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  Keely and Du Reviews
Keely and Du
Keely and Du

Keely and Du
Redtwist Theatre
Thru - Nov 10, 2019

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Redtwist Theatre

  • Highly Recommended
  • Recommended
  • Somewhat Recommended
  • Not Recommended

Chicago Reader- Somewhat Recommended

"...This is a play designed to make you angry (though living under patriarchy generally takes care of that for a lot of us on a daily basis). Martin's script is particularly good at nailing how centering the possibility of redemption for men betrays the safety and autonomy of women. But eventually, the claustrophobic walls of Alyssa Mohn's grim basement set echo once too often with talking points that we've all heard many times before and that haven't moved anyone closer to changing their minds on this depressingly evergreen cultural conflict."
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Kerry Reid



Around The Town Chicago- Highly Recommended

"...Over the years, attending plays at redtwist theatre has always been a solid experience. This is the true store front theater. It is in reality two stores on Bryn Mawr Avenue that have been converted into a theatrical space. One section of the stores is the lobby, dressing rooms, bathrooms and the other, the "stage" area. The seating changes with the production they are doing so there might be 40 plus seats or as many as 66, but you, the audience, will be as close to the action as they can place you. In fact, if you sit along the wall, you may feel the breath of an actor or two during some tense moments. Now, on to the wonderful production of "Keely and Du"!"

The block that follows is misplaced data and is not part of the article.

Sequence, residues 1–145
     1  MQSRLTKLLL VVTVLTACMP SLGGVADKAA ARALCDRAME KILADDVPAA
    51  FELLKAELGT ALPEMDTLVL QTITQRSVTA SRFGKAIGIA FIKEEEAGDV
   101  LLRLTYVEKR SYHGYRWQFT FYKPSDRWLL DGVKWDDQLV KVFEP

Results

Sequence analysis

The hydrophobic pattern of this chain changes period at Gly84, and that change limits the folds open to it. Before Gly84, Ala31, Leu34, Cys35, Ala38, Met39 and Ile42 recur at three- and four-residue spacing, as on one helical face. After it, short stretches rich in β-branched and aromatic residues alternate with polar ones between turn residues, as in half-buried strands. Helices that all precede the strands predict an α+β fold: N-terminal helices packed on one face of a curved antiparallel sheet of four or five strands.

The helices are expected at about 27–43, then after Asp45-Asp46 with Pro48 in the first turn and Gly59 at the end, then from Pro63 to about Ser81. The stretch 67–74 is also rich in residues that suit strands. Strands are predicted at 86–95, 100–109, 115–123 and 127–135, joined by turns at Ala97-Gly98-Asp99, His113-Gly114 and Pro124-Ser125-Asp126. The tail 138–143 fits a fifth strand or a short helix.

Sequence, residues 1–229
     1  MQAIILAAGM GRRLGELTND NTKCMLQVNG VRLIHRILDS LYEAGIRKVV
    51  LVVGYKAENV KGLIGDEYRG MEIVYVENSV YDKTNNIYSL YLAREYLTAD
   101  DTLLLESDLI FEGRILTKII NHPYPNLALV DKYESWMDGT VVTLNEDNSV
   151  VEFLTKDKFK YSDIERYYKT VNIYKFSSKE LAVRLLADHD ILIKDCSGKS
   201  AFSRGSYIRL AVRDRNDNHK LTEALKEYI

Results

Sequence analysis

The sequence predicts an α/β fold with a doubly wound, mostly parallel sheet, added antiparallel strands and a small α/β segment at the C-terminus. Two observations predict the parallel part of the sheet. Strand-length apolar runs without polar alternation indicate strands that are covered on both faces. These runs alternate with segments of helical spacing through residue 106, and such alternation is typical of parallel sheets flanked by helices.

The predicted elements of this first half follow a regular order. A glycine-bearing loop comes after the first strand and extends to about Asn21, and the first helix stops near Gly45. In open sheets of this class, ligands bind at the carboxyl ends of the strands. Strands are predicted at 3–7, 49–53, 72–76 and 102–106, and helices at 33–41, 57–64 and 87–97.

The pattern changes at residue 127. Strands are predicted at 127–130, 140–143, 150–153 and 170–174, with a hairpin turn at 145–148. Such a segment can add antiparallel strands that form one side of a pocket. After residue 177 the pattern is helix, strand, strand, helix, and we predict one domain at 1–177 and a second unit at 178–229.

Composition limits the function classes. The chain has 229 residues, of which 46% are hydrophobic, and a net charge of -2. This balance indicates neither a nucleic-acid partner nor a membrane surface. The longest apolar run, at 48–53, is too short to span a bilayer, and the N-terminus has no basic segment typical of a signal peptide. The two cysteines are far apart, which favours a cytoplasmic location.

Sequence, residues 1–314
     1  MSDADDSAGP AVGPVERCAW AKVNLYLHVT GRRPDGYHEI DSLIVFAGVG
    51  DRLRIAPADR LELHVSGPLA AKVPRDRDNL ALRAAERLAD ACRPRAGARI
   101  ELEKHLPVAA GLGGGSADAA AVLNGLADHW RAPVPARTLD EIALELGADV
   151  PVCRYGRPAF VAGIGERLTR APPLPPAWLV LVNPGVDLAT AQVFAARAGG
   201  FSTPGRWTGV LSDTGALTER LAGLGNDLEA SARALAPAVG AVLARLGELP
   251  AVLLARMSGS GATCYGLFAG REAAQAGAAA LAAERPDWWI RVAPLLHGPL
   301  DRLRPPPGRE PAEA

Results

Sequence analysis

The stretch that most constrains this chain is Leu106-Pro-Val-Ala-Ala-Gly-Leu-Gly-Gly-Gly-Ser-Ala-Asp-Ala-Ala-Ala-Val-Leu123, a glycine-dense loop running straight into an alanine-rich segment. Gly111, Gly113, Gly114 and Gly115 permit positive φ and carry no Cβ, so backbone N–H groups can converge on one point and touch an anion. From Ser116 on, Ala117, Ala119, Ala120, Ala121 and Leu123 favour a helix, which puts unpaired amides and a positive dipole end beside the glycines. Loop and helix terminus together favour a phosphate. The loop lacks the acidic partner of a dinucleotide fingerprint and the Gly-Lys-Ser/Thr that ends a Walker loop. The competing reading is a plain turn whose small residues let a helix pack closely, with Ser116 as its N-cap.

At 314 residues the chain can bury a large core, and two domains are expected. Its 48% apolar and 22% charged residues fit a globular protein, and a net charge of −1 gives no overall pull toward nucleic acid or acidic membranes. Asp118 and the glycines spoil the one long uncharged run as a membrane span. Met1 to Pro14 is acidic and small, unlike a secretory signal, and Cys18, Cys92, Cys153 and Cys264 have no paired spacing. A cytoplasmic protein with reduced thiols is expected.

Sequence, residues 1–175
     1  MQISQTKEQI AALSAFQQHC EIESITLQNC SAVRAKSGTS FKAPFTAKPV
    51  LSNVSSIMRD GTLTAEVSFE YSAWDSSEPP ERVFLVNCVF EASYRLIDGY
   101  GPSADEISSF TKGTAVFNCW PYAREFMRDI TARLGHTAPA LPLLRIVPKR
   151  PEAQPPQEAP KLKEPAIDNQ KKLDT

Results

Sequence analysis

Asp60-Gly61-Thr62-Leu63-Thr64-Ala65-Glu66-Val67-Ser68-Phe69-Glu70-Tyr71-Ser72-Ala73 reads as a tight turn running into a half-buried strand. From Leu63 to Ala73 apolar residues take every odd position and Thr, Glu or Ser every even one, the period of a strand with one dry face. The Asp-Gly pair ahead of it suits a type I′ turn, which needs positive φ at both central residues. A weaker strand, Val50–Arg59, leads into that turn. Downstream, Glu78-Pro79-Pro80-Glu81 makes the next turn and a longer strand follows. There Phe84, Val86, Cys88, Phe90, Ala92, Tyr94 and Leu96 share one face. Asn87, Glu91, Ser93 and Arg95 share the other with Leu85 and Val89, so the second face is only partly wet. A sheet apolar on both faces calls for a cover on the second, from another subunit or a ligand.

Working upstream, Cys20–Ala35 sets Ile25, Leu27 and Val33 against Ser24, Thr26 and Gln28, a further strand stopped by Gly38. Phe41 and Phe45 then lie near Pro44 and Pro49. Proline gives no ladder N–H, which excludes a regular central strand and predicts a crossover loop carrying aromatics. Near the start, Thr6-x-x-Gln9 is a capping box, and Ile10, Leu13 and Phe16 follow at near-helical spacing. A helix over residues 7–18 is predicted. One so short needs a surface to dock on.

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Alan Bresloff



NewCity Chicago- Highly Recommended

"...This play is a literal nightmare. In all the ways that "In The Canyon" was our worst case scenario for the future, "Keely and Du" is our worst case scenario for present day. I absolutely hate that men can freely laugh during this play. I hate that the women in the room stifled laughs and pained sounds. I hate that, when I looked around the audience, I saw men's eyes grew to the size of saucers when Walter or Keely's abuser Cole (Joe Edward Metcalfe) said something horrific (and utterly unsurprising). What I hated most of all was the shared glances with other women who knew exactly what abusive language looks like."
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Amanda Finn



Picture This Post- Recommended

"...In this intimate space of approximately 40 seats, we are surrounded by the same warehouse walls (Set Design: Alyssa Mohn) as Keely and the other cast members, furthering the ominous feeling of incarceration Martin's play introduces. The lighting (Lighting Design: Cat Davis) is artificial, echoing both the artificial hospital as well as the artificial altruism the pro-life extremist group claims to represent."
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Lauren Lynch